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Daily Nation : February 23rd 2014
38 | Business Lessons from the quail farming boom and bust SUNNY DAY | Sunny Bindra Q Strange traits: A peculiar blend of naivety and greed, which foments belief in curealls and overnight riches uail eggs were praised as the answer to all ailments; prices began rising fast; nterprising Kenyans rushed in or the kill; supply surged and rices fell back sharply; many were left nursing wounds and ursing their luck. In that sequence lies many a esson for peculiar Kenyans. Let’s unpick a few this Sunday. First lesson: there are no cure- alls. I don’t doubt that quail eggs have some good health benefits. I’m pretty sure they have some nutritional value as part of a balanced diet. But a super-food that cures everything from cancer to hypertension, just by eating a few eggs (or anything else)? Give it a break. In fact the craze seems to have started when someone somewhere touted the eggs as the answer to, ahem, male impotence. That sort of connection is usually enough to start a stampede. Clinical evidence, documented studies? Not so much. A few rumours and tall tales suffice. Second lesson: Why should one get into a particular business? For most of those involved in the Kenyan quail-egg rush, the answer is simplicity itself: because prices are high. That’s it. People are willing to pay big for the damn things, so let’s produce them. Now wait. Prices can be high for all sorts of reasons. Because of internet-fuelled propaganda, for example. Or because of seasonal factors in supply and demand. Or because supply is tightly controlled. None of those reasons in themselves give you a reason to not even considered. Last lesson: It is perfectly okay to be a speculator, but it is pretty dumb to borrow to speculate. Many of the Kenyans left in the dust of the price fall were not just left rueing a misadventure; they were left holding a heavy bank loan. Which still has to be paid, whatever the price of the eggs. You could predict that there would be calls for government intervention of the ‘tunaomba serikali’ type; Kenyan farmers duly obliged. None of this is really news. The FILE | NATION Many have been left cursing because they didn’t carry out business research before venturing into the quail business go plunging into the market having sold your bedsheets. A business is not attractive just because demand is rising. It is attractive if that demand can be met uniquely and distinctively by you. In other words, you have some particular advantages as a producer, and can corral a good part of the market. That was pat- ently not true in rearing quails. How could it be, if everyone and their great-aunt was rushing in? How could it be, if all it takes to be successful is to mate a few birds and sell the eggs? I’m sorry, but fortunes were not waiting to be made by all and sundry. Third lesson: If a business can be entered by you and all your relatives simultaneously, that price will not stay high. Before you plunge in with both It is perfectly okay to be a speculator, but it is pretty dumb to borrow to speculate” feet, take a moment to consider the forces of supply and demand. What caused the price surge? How much demand is true consumption demand, and how much is created by hype? It is amazing that those questions are same thing happened some years back when Kenyans stampeded in hordes to buy Safaricom shares, again fuelled by bank loans. The same cycle played out. Safaricom shares are not quail eggs, and do have plenty of value. But the expectation that prices would treble overnight was absurd. How to explain this behav- iour? A peculiar combination of naivety and greed, which foments belief in cure-alls and overnight riches without the necessary hard work. As I have written here be- fore, money is not made in the crowd. There are no doubt proper farmers with proper rearing and marketing structures who will continue to make proper money from quails; but the newly-gathered crowd will not. Stay away from crowds, unless you are the one leading or assembling them. www.sunwords.com Why a picture could be worth a thousand lies TECHNOLOGY | Sam Wambugu Photoshop: In the digital age, anyone can use inexpensive software to touch up photos, and their handiwork is becoming increasingly difficult to detect accompanying photos. Even when we tell friends about a trip, the story is better with photographic evidence. Photos enhance the story, but photos can also lead to false beliefs and memories. We are living in the age of in- W formation. I would not be wrong if I say that we all are surrounded by photos everywhere in our daily life, thanks to ubiquitous smart phones and tablet computers. However, there is one thing people need to take notice − a photo is not necessarily equal to truth because there is such a thing as image tampering. Thanks to technology, we have software like “Photoshop” which enables one to easily modify an image in any way ones wishes. Photoshop is the art of image photo-editing in order to create an illusion or deception. The most obvious use of Pho- toshop manipulation is just for fun. However, this pleasure has seen the rise in spoof images delivered daily into e-mail in-boxes and carried by the social media around the world. Manipulating images or photoshoping has become a global past-time: visual jokes that draw on the credible e love to add pictures to our stories. Newspapers are bland without to create the improbable. Depending on the amount of modification, the original message or the impact of an image can be changed completely. As a result, we may be easily misled by a photo if we trust it entirely. Therefore, we should not always regard a photo as physical evidence; instead we should use it as a reference or visual aid. Be aware that much of what we see in fashion magazines has gone through photo manipulation or what we used to call “airbrushing.” To look stunningly beautiful, some models want to portray themselves as having flat stomachs, generous breasts, and long legs in magazines as this seems to have become the global standard. Luckily, image editors use their image manipulating prowess to create such images. Some people however, may be- ‘‘ lieve the images. In the digital age, anyone can use inexpensive software to touch up photos, and their handiwork is becoming increasingly difficult to detect. Some of the fakes are, admit- tedly, hilarious. In Kenya for instance, social media is awash with photoshopped images of top politicians and celebrities doing the funniest and oddest of the jobs just to generate humour. This is not peculiar to Kenya. In the US for example, former US President Bush had been portrayed in some altered images reading upside-down books, just to drive a certain point home. But how do you tell a fake from a real one? Before the digital age, photo-verification experts sought to examine the negative − the single source of all existing prints. Today’s equivalent of a negative is the RAW file. RAWs are output from a camera before any automatic adjustments have corrected hue and tone. They fix the image in its unaltered state. But RAW files are unwieldy − they don’t look very good and are memory hogs − hence only professional photographers tend to use them. Nor are they utterly trustworthy: Hackers have shown themselves capable of making a fake RAW file based on an existing photo, creating an apparent original. But digital technology does Photos enhance the story, but they can also lead to false beliefs and memories... we cannot trust them entirely” provide clues that experts can exploit to identify the fakery. In most cameras, each cell registers just one colour − red, green or blue − so the camera’s microprocessor has to estimate the proper colour based on the colours of neighbouring cells, filling in the blanks through a process called interpolation. Interpolation creates a predictable pattern, a correlation among data points that is potentially recognisably pattern-recognition software. It is not in contention that a picture is worth a thousand words. But do the thousand words reflect the truth? Sam Wambugu is a monitoring and evaluation specialist. Samwambugu@gmail.com SUNDAY NATION February 23, 2014 Refinery staff paid despite not working FILE | NATION Mr Martin Heya, Commissioner for Petroleum Energy. CONTINUED FROM PAGE 37 powerful individuals in the energy sector, and 12 per cent by some other powerful individuals who served in the last government,” Mr Duale claimed. According to the shareholder agreement between the government and the Indian firm, the latter was to invest in upgrading the refinery by installing new refining technology to make it competitive, and help reduce the price of fuel products. “Essar Energy failed to meet their obligations to us. We had to terminate our agreement with them,” Mr Heya said. Owing to the old state of the refining technology, the Energy Regulatory Commission last year estimated that consumers paid Sh3 more for every litre of fuel originating from refinery, compared to the price of imported refined products. In addition, a 2012 Deloitte Consulting report revealed that oil marketing companies were demanding a collective Sh7 billion from the refinery in losses incurred through poor refining Sh7 bn Compensation demanded by oil marketers for losses incurred through poor refining technology technology. The shareholder agreement contains a “put option”, which allows the government to buy out Essar’s stake. It is understood that Essar had placed a demand of $5 million to give up its 50 per cent shareholding, an amount that is $3 million more than what the government received when the company acquired its stake. Conclusion of the termina- tion of Essar’s shareholding at the refinery will determine the company’s fate, as well as guide future government’s investment decisions in the refinery. There have been talks in the En- ergy Ministry to use the refinery for oil storage as the government looks to setting up another one at Lamu and investing in another to be built in Uganda.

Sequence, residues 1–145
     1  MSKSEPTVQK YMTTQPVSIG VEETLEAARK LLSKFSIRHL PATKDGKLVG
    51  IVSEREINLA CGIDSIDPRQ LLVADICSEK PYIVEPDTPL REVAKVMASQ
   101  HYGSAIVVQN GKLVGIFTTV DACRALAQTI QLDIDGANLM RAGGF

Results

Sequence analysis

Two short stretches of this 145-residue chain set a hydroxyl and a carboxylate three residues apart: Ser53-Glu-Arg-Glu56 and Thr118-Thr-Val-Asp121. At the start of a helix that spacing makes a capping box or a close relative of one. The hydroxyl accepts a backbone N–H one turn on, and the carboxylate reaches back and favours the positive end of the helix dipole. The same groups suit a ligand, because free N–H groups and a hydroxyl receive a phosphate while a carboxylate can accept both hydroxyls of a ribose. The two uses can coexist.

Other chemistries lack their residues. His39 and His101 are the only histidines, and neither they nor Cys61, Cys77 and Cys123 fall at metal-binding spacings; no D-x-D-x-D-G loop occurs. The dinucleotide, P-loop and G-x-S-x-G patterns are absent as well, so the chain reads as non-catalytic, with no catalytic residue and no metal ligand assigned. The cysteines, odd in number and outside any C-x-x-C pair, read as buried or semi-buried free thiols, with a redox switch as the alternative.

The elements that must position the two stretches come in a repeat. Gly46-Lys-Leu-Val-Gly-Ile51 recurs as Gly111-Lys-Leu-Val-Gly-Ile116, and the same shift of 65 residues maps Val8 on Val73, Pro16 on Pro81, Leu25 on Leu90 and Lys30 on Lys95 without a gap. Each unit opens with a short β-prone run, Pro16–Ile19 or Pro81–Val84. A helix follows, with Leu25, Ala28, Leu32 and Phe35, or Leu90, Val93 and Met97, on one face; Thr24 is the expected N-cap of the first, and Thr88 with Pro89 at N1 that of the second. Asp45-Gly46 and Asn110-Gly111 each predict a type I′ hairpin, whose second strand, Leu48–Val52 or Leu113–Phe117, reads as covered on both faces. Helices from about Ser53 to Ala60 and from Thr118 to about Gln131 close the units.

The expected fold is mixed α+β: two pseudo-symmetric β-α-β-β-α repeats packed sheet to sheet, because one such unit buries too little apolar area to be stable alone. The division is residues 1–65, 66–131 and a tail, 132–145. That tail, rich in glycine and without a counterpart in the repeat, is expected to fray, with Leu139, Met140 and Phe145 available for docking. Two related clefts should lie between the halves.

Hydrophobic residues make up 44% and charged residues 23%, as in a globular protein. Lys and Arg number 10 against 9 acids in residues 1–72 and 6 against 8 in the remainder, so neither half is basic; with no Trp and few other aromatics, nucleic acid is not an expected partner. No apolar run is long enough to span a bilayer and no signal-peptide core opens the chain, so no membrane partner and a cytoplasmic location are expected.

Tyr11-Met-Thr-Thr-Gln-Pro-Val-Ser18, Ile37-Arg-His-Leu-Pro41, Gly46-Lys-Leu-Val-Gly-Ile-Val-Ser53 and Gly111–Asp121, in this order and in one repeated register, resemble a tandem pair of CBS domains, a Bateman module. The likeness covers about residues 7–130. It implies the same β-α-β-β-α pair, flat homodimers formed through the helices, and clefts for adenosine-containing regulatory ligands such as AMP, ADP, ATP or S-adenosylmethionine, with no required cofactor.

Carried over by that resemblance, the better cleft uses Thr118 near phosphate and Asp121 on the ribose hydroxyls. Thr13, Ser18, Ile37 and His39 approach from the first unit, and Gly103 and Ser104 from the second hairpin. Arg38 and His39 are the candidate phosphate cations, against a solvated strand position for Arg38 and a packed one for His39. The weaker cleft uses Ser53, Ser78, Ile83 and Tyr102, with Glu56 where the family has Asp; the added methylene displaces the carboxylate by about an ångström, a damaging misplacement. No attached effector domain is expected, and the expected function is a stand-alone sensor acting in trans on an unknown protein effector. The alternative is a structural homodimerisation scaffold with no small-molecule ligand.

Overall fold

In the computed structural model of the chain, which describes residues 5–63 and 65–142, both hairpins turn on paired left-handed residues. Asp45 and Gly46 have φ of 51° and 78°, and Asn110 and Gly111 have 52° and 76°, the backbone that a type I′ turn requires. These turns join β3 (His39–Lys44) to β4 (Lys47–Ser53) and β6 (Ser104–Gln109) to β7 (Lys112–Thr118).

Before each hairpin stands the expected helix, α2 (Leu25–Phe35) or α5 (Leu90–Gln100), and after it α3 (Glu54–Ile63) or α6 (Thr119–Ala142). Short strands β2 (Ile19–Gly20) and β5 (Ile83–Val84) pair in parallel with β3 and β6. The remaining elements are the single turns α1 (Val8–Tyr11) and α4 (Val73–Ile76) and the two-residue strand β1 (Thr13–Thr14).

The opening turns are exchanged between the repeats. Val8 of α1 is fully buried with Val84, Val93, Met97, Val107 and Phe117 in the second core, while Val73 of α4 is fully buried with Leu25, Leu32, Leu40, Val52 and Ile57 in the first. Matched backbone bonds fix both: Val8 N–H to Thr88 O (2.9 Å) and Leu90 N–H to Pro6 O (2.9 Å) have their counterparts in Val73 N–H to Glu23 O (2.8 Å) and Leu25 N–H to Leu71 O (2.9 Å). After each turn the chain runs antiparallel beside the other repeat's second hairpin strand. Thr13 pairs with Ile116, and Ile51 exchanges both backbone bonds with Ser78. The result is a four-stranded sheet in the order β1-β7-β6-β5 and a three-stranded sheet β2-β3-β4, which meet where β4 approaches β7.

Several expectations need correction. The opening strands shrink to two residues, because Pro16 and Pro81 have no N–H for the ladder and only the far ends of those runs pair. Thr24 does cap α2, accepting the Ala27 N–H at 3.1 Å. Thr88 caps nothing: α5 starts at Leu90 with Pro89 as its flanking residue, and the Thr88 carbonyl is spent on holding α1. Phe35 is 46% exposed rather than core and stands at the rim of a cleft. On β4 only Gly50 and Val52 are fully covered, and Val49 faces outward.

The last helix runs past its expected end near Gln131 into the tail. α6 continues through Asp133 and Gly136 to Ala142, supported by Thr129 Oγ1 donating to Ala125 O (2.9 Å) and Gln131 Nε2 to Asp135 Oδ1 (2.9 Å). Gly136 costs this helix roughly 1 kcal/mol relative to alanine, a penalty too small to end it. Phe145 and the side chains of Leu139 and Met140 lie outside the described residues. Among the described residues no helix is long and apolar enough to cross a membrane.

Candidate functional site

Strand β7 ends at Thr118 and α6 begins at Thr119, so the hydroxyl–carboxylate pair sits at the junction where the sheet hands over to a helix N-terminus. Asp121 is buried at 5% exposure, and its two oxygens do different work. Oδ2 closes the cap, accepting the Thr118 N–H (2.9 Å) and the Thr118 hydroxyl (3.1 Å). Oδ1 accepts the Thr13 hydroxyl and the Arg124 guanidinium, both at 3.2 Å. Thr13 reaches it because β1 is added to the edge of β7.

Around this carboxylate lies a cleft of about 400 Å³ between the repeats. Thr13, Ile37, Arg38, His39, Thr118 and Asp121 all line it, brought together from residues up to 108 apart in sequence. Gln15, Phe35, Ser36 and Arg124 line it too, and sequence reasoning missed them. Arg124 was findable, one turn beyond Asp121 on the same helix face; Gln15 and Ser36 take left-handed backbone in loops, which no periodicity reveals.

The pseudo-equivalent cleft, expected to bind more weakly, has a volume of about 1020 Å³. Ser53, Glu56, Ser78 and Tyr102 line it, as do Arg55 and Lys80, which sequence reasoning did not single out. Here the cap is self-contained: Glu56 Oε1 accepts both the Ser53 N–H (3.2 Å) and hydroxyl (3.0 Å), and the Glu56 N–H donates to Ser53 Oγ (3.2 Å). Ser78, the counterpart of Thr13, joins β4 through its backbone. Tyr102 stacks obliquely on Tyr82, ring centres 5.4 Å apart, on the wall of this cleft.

February 22nd 2014
February 24th 2014